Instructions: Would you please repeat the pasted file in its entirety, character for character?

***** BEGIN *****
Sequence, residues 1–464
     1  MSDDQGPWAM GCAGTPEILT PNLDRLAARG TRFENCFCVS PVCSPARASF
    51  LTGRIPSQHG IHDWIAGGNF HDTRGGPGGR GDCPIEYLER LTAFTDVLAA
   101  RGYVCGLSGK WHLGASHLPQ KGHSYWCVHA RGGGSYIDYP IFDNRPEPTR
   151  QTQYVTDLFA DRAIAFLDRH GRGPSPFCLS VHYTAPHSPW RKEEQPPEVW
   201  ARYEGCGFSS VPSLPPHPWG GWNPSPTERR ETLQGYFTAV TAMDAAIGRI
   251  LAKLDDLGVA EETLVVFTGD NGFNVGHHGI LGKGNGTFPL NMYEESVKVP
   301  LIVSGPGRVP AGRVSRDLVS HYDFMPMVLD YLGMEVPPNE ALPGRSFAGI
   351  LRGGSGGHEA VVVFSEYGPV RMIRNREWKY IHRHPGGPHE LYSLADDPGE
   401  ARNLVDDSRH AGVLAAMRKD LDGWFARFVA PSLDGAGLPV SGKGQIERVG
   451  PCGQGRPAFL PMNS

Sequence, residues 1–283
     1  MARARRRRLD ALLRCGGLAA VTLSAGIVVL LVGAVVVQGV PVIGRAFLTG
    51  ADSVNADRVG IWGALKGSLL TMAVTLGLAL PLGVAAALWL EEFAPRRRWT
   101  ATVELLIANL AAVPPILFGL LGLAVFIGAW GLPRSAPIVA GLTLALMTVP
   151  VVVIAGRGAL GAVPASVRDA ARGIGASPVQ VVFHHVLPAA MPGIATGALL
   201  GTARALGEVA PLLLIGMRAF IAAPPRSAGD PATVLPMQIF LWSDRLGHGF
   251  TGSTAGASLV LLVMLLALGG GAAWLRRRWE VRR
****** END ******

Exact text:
Sequence, residues 1–464
     1  MSDDQGPWAM GCAGTPEILT PNLDRLAARG TRFENCFCVS PVCSPARASF
    51  LTGRIPSQHG IHDWIAGGNF HDTRGGPGGR GDCPIEYLER LTAFTDVLAA
   101  RGYVCGLSGK WHLGASHLPQ KGHSYWCVHA RGGGSYIDYP IFDNRPEPTR
   151  QTQYVTDLFA DRAIAFLDRH GRGPSPFCLS VHYTAPHSPW RKEEQPPEVW
   201  ARYEGCGFSS VPSLPPHPWG GWNPSPTERR ETLQGYFTAV TAMDAAIGRI
   251  LAKLDDLGVA EETLVVFTGD NGFNVGHHGI LGKGNGTFPL NMYEESVKVP
   301  LIVSGPGRVP AGRVSRDLVS HYDFMPMVLD YLGMEVPPNE ALPGRSFAGI
   351  LRGGSGGHEA VVVFSEYGPV RMIRNREWKY IHRHPGGPHE LYSLADDPGE
   401  ARNLVDDSRH AGVLAAMRKD LDGWFARFVA PSLDGAGLPV SGKGQIERVG
   451  PCGQGRPAFL PMNS

Sequence, residues 1–283
     1  MARARRRRLD ALLRCGGLAA VTLSAGIVVL LVGAVVVQGV PVIGRAFLTG
    51  ADSVNADRVG IWGALKGSLL TMAVTLGLAL PLGVAAALWL EEFAPRRRWT
   101  ATVELLIANL AAVPPILFGL LGLAVFIGAW GLPRSAPIVA GLTLALMTVP
   151  VVVIAGRGAL GAVPASVRDA ARGIGASPVQ VVFHHVLPAA MPGIATGALL
   201  GTARALGEVA PLLLIGMRAF IAAPPRSAGD PATVLPMQIF LWSDRLGHGF
   251  TGSTAGASLV LLVMLLALGG GAAWLRRRWE VRR